Current Scenario of Adsorbent Materials Used in Ethylene Scavenging Systems to Extend Fruit and Vegetable Postharvest Life

  • Marianela Hazel álvarez-Hernández /
  • Francisco Artés-Hernández /
  • Felipe ávalos-Belmontes /
  • Marco Antonio Castillo-Campohermoso /
  • Juan Carlos Contreras-Esquivel /
  • Janeth Margarita Ventura-Sobrevilla /
  • Ginés Benito Martínez-Hernández
Journal re
Food and Bioprocess Technology
  • Volumen: 11
  • Número: 3
  • Fecha: 01 March 2018
  • Páginas: 511-525
  • ISSN: 19355149 19355130
  • Source Type: Journal
  • DOI: 10.1007/s11947-018-2076-7
  • Document Type: Review
  • Publisher: Springer New York LLC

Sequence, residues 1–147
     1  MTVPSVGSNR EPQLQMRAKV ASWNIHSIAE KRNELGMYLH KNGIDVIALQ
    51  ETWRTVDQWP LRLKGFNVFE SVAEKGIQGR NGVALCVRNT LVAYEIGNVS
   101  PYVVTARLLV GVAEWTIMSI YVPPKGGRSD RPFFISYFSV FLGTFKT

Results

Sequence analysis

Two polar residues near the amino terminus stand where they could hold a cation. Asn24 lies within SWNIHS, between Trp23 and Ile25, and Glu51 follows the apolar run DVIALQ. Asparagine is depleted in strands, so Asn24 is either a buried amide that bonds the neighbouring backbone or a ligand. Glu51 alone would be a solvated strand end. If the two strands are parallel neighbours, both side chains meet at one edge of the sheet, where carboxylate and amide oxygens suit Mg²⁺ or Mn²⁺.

© 2018, Springer Science+Business Media, LLC, part of Springer Nature. Fruit and vegetables are much appreciated by consumers due to their nutritional values and health-promoting compounds. However, different factors affect the postharvest life of such products, in where ethylene is a major one, even at low concentrations, besides temperature and relative humidity. Therefore, high attention has been focused on the development of effective tools to remove ethylene from the atmosphere surrounding these products during storage or in transit. Potassium permanganate scrubbers are one of the most used technologies to remove ethylene from horticultural products. To facilitate and improve the oxidation process, potassium permanganate has been supported onto inert solid materials of a small particle size. In this review, we aim to provide an outline of the most common materials used as potassium permanganate supports on postharvest treatment and their respective effects on quality aspects of various fresh produce during postharvest life. Vermiculite, activated alumina, zeolite, silica gel, activated carbon and clays are the most popular materials that have been used as a support of potassium permanganate-based ethylene scrubbers. The literature suggests that potassium permanganate supported onto silica gel or zeolite seems to be a promising tool to maintain fruit and vegetables quality attributes for long-term storage. Although vermiculite and activated alumina are the most commonly used materials to reach this goal, not promising results have been reported.

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